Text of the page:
If someone wants to preach the merits of the Horatio Alger narrative of how they pulled themselves up from working the mailroom to becoming a senior management standout, that's fine. I don't see much of that happening around me. And if it were this easy, one wouldn't expect the middle class to be shrinking at record levels. But whatever, there are plenty of positions we take in the name of politics that prove inefficient in market outcomes. I do know this, my wife and I stand to gain considerably from this position. All around us we watch as mid-level management jobs are now a thing of the past and recent college grads work in their role for 8-10 years with little to no ability for advancement and only minor pay raises. This isn't because they are not motivated or lazy, it's because there are simply no positions for them to move up or in to. And lacking their ability to gain the necessary skills to further their career, our own skills grow further in demand. Hey, lucky me!

    For the record, I have done little of this "pulling myself up by my boots" and a lot more of happening to be at the right place at the right time. It's not clear to me that a wide swath of the people who buy into this story might themselves have an outcome driven by luck as much as hard work and determination.

    So if we decide to take the traditional perspective that folks who are not succeeding are clueless or lazy that works for me. I'll make a hell of a lot more money. But I would implore you to consider the net effects given the preponderance of evidence.

    MNB reader John Domino wrote:

    You are right Kevin.  The prosperity of the US since WW2 has been driven by the growth of and the growing incomes of the US middle class. This has been greatly enhanced by the rise of two-income families.  We have topped out on both accounts.  Why?  Did we become too affluent for our own good?  Too many people believing that going $100K into debt for a BS in Art History or that the high paying job as a toll-taker on the turnpike would last forever?  Too much money being made by corporations or Wall Street buying and selling companies rather than investing in factories, technology and training?   Or as discussed on NPR this morning the diminishing government support for financial aid for higher education and investments in public universities.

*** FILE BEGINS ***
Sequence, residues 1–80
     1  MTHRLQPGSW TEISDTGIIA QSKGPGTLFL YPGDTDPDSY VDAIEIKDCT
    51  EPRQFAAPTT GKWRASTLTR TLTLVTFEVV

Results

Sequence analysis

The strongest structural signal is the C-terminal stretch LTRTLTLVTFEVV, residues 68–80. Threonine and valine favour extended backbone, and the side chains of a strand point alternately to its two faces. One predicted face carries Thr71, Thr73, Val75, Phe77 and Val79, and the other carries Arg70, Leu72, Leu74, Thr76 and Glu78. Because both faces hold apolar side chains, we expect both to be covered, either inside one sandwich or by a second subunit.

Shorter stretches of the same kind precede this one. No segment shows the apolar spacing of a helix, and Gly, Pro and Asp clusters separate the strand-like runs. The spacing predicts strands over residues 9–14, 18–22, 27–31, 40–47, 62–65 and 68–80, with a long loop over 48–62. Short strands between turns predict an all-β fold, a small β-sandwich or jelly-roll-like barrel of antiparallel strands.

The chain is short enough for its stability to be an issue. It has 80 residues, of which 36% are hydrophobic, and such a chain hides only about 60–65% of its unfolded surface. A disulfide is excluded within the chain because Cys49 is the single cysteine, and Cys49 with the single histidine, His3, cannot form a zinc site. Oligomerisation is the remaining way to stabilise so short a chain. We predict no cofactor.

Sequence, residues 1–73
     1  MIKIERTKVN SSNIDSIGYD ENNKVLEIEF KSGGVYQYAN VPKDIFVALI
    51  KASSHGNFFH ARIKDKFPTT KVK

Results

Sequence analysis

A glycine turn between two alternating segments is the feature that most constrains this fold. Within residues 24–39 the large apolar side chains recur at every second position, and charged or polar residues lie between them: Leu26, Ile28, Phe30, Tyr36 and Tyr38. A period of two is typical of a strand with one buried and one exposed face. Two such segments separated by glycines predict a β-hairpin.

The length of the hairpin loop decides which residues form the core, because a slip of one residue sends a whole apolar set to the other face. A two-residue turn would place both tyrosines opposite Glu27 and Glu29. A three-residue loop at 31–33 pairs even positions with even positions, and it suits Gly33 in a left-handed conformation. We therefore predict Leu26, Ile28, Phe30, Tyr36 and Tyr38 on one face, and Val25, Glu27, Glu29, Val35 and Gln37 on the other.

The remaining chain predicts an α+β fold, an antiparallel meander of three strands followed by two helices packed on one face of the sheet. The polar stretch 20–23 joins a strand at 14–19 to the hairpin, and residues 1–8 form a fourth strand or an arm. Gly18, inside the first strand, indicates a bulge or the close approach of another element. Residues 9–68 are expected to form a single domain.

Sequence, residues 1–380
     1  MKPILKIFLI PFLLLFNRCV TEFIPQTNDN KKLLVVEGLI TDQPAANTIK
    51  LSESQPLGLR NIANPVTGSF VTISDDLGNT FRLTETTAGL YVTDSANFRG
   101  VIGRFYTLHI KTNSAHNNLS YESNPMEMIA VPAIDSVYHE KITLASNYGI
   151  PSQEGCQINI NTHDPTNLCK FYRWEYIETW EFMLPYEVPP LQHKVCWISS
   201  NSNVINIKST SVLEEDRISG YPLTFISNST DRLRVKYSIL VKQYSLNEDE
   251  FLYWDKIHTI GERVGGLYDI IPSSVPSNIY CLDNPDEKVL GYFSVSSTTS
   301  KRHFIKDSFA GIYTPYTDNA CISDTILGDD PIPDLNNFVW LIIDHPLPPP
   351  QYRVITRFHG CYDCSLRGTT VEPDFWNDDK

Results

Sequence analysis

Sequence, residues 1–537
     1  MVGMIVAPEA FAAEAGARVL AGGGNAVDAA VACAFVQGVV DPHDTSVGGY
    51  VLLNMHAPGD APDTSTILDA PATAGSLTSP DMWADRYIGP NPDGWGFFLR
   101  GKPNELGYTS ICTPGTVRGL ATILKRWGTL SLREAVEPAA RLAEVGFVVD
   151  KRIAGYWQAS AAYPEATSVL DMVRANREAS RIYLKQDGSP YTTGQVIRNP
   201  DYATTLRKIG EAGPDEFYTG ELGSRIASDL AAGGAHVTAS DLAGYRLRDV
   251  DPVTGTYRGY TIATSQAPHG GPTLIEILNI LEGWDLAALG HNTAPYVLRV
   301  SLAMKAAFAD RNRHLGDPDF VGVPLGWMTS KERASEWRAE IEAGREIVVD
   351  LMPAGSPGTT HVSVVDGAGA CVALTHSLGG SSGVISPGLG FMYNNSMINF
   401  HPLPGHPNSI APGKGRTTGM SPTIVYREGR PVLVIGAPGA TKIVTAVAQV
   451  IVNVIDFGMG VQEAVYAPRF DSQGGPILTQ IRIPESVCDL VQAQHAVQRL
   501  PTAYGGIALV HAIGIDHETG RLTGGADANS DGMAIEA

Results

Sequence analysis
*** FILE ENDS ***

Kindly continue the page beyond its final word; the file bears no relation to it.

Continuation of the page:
The real legacy of George Bush's tax cuts and the partisan divide in Congress is that the country is not investing in infrastructure, education, and manufacturing and the country's middle class is losing out.  Which in the long run means a drop in overall retail sales and a loss of prosperity for those at the top as well as those in the middle.  Not mention the super squeeze on those at the bottom.

    MNB reader Steven Ritchey wrote:

    You are correct, the disparity can be devastating in the long run.  The middle class is what drives the economy, period.  We buy the houses, the college educations for our kids.  We buy the mass produced automobiles like Fords and Chevies.
    We are the drivers of the economy, not the so called job creators.
    During the depression of the late 20’s and early 30’s, the wealthy were still wealthy.  They still lived extravagant lifestyles, most others were barely scraping by or in bread lines.
    We create the demand for manufactured goods, when the middle class is strong and thriving, the country thrives.  I wish the so called experts would realize  this.

    Regarding the new deal between Amazon and HBO, one MNB reader wrote:

    FINALLY!! My husband and I don’t use our Prime for TV yet, however I am a huge HBO fan and love HBO Go. Every month that we pay our outrageous cable bill I wonder how much longer it will be until I can pick and choose the channels I want and pay just for those. Sports channels and HBO have always been our hold up. However we now have a SlingBox, so my husband can watch all his Chicago Bulls, Blackhawks and White Sox games through his brother’s TV. With HBO going to Amazon, we are one step closer. I’d gladly pay monthly for just HBO GO, with current programs on it. Of course the major online providers like Netflix and HBO will have to combat issues with households sharing IDs, but clearly everything is headed towards streaming.

    If I were a cable company, I’d be very fearful and frantically trying to figure out ways to reduce costs for customers. As a customer, I don’t need a land line and I don’t need to pay for major networks because everything can be viewed online. The value proposition of cable is diminishing quickly. It’s just a matter of time before we can stream everything we want and cut cable out completely.